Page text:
Frequently Asked Questions

Below is a list of Frequently Asked Questions about Fix Flat Feet. If you have a question that isn’t answered below please email me.

How long did it take to build arches in your feet?

Visible changes in the height of my arches in standing were noticeable within the first few weeks. After 10 weeks my feet were no longer flat based on the arch measurements I was taking.

My arch shape and strength continued to improve after that point as I found new exercises to work on and ways to progress the exercises I had been doing.

Can everyone with flat feet build arches?

Based on the changes I saw with myself, my experience working with others with flat feet, and the available research, I think many cases of flexible flat feet can improve. It’s similar to improving posture.

Most people don’t need a brace or surgery to train themselves to sit or stand up straight. Posture is largely a habit.

In my case, I knew I could form arches in my feet, but the arches would collapse as soon as I stood up. So basically this program was about training myself to hold a different foot posture.

There are some types of flat feet, different from the kind that I had, in which I think the arch is unlikely to improve with exercise, including:

  • a rigid flat foot (very rare) where the bones of the foot fuse together making the foot flat in all positions–standing, sitting, up on toes etc.
  • conditions that cause spasticity or contracture of the heel cord (e.g. cerebral palsy) or other neurological conditions
  • flat feet related to disease processes or injuries that alter the normal anatomy or functioning of the foot

Every case is unique and that’s why I try to make it clear that what worked for me may not work for everyone.

How do you know if you have flexible flat feet?

In general, this is usually determined a few ways, including:

  • looking to see if there is an arch present when seated with the foot dangling in the air,
  • if an arch forms when standing on the toes, or
  • if an arch forms with flexing the big toe up by hand.

Are the changes permanent or do you still have to do exercises and think about holding an arch?

My feet have much more noticeable arches now even when I’m completely relaxed. For a while, I did have to think about holding an arch in the foot, whether I was sitting, standing or even at rest.

I’m not sure exactly how long it took until this became the natural posture of my foot in all situations without any effort. It was a gradual process and I worked on it for a while.

Now, when I purposely pronate my feet or try to collapse my arches they mostly maintain their shape. I can’t get them to go back to how they were before even if I try.

I don’t regularly do most of the exercises from the program anymore. I haven’t noticed any loss in arch height and it’s been several years now.

I still do calf stretching exercises at least once a week. And I still pay attention to how I walk occasionally to make sure I’m not falling into any bad habits.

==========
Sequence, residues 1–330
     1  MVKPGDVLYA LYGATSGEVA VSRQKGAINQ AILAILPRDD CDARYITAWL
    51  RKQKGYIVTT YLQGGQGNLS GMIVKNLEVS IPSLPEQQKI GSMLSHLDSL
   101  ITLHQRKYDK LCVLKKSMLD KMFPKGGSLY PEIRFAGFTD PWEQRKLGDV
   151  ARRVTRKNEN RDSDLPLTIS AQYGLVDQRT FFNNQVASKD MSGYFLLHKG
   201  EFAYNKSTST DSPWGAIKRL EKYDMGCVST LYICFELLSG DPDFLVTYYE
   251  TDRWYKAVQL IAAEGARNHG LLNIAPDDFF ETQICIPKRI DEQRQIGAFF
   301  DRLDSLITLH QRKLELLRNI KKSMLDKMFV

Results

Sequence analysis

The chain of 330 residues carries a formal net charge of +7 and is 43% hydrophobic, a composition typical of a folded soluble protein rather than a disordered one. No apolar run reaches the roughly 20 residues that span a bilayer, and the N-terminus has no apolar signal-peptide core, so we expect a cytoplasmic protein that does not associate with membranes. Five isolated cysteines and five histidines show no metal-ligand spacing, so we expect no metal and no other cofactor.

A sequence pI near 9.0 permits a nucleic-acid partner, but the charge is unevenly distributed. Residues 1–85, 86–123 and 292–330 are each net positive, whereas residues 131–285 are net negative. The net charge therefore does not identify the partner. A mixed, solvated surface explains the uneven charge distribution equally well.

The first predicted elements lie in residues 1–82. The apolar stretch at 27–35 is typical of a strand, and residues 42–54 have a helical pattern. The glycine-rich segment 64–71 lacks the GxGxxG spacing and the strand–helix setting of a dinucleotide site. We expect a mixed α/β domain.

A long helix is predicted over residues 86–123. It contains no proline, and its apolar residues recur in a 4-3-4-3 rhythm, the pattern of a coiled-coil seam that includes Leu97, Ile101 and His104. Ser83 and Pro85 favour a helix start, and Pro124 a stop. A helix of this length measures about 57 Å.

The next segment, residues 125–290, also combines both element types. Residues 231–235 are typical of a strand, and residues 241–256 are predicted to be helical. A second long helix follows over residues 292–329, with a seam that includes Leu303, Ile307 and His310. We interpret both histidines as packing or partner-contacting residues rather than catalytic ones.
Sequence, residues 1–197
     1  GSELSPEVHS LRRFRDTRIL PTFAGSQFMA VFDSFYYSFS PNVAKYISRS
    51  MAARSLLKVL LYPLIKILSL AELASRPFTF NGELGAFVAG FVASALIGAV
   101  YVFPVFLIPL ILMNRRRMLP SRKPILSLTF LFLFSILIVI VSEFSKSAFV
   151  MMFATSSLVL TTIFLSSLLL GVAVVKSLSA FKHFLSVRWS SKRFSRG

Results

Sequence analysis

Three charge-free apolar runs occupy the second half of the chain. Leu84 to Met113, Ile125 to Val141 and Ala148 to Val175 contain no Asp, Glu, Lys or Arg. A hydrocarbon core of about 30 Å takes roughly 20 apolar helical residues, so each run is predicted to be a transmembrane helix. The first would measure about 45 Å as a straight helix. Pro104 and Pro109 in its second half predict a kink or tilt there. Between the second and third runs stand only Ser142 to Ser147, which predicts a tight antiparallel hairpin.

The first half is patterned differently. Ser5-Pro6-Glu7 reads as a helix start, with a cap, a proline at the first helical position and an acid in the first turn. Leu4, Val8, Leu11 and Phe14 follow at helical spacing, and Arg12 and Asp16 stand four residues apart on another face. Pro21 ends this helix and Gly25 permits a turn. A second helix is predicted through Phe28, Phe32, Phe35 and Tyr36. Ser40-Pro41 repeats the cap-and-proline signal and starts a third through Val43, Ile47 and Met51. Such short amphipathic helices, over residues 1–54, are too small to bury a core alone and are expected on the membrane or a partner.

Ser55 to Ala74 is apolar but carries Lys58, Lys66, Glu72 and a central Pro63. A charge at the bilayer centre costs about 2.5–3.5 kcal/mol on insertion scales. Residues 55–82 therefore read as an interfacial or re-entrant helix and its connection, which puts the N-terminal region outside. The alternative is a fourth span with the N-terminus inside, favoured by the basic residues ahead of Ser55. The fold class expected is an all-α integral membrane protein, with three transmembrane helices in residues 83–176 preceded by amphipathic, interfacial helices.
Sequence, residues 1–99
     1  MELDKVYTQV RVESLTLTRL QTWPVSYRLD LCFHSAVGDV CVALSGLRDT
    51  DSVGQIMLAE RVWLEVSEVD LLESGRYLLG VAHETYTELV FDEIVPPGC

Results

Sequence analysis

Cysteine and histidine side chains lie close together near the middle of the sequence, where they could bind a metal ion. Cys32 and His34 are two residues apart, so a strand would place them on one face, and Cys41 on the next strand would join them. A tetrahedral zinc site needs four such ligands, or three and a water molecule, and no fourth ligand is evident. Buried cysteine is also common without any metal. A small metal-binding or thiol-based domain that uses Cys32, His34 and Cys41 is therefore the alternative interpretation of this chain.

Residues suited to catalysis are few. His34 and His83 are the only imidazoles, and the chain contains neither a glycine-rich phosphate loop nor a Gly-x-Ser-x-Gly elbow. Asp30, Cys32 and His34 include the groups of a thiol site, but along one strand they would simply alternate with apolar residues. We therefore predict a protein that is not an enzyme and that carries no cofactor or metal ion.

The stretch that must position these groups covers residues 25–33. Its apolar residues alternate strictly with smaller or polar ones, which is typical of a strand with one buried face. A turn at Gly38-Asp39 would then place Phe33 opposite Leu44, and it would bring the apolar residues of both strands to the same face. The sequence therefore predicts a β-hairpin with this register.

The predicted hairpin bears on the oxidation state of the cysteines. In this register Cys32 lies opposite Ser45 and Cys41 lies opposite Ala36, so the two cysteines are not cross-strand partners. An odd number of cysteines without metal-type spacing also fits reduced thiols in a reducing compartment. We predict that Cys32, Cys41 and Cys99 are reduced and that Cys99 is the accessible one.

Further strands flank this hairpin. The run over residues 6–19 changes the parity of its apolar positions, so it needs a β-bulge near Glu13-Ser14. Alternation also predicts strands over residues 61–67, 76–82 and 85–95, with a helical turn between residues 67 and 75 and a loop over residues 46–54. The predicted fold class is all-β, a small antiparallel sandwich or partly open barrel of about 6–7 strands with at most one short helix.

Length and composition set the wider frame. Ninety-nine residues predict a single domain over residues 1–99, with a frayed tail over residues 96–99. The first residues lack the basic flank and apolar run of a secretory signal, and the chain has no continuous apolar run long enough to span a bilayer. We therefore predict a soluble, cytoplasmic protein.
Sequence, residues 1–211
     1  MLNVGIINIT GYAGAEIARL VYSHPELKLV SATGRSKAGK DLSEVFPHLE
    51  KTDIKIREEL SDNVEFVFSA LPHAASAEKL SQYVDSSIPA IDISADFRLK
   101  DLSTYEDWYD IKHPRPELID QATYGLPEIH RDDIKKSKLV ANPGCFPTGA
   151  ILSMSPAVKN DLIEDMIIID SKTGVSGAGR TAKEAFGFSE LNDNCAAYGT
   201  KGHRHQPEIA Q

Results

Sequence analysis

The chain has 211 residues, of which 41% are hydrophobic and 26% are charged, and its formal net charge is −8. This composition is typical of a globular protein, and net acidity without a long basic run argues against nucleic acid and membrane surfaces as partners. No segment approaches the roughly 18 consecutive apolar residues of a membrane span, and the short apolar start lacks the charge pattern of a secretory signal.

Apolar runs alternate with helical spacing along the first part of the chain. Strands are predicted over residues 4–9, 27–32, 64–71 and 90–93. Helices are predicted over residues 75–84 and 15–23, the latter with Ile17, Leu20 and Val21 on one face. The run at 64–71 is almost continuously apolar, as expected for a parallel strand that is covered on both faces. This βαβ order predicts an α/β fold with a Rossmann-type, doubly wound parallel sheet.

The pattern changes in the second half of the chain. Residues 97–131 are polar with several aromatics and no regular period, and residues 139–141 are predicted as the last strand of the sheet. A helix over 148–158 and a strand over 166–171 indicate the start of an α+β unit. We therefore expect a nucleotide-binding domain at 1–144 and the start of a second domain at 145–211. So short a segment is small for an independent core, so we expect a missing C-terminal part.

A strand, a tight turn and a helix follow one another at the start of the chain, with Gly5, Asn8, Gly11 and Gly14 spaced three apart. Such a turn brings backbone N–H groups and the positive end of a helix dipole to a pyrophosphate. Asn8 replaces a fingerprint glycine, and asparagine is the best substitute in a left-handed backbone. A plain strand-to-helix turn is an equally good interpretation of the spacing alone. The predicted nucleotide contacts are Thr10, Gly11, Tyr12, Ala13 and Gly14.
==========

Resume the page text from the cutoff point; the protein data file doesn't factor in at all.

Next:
Did the size of your foot change?

Yes! My shoe size went down almost a full size.

Did you wear orthotics while working on your arches?

No. Around the time I started this project, barefoot running and barefoot-style shoes were getting popular. I had used orthotics and shoes with a lot of built-in support features in the past without seeing much benefit. This made me curious to see if going with less support would help with this process.

I attribute part of my success to paying attention to what my feet were doing when standing and walking and this was easier for me to do in more flexible shoes rather than the rigid, stability-type footwear I had previously worn.

What types of shoes do you like?

I’m a big fan of minimalist or barefoot-style shoes now. The main features I look for when buying shoes are:

  • No heel (zero heel-toe differential)
  • No built-in support
  • Flexible sole
  • Wide toe box
  • Thin (minimal cushioning)

What made you decide to work on strengthening your arches?

What concerned me the most was the effect flat feet were having on the rest of my body–mainly my knees and hips. I like to exercise and with certain exercises (e.g. squatting, deadlifting) I could tell that having arches that collapse was putting stress on the joints higher up the leg.

When I looked in the mirror it was obvious that my posture and the alignment of my joints were being thrown off by what was going on at the foot level. There’s evidence that a pronated foot is a risk factor for a number of injuries and conditions that develop over time, including knee arthritis, so I saw this project as an investment in my long-term health.

Also, I just didn’t like the way my feet looked which made me self-conscious about going barefoot.

Is there a complete list of all the exercises you worked on somewhere on the site?

Some of the basic flat feet exercises are listed here. Members have access to a special part of the site that has lots more exercises and in-depth tutorials for the program.

How long did you spend each day working on exercises for your feet?

At the start of this project, my goal was to spend 10 to 15 minutes a day working specifically on arch building exercises. On some days, I spent longer than that, especially when I was experimenting with new exercises. And some days I didn’t exercise at all. Many of the exercises only take a few minutes to complete.

Of course, part of my success also came from paying close attention to the way I was standing and walking throughout the day.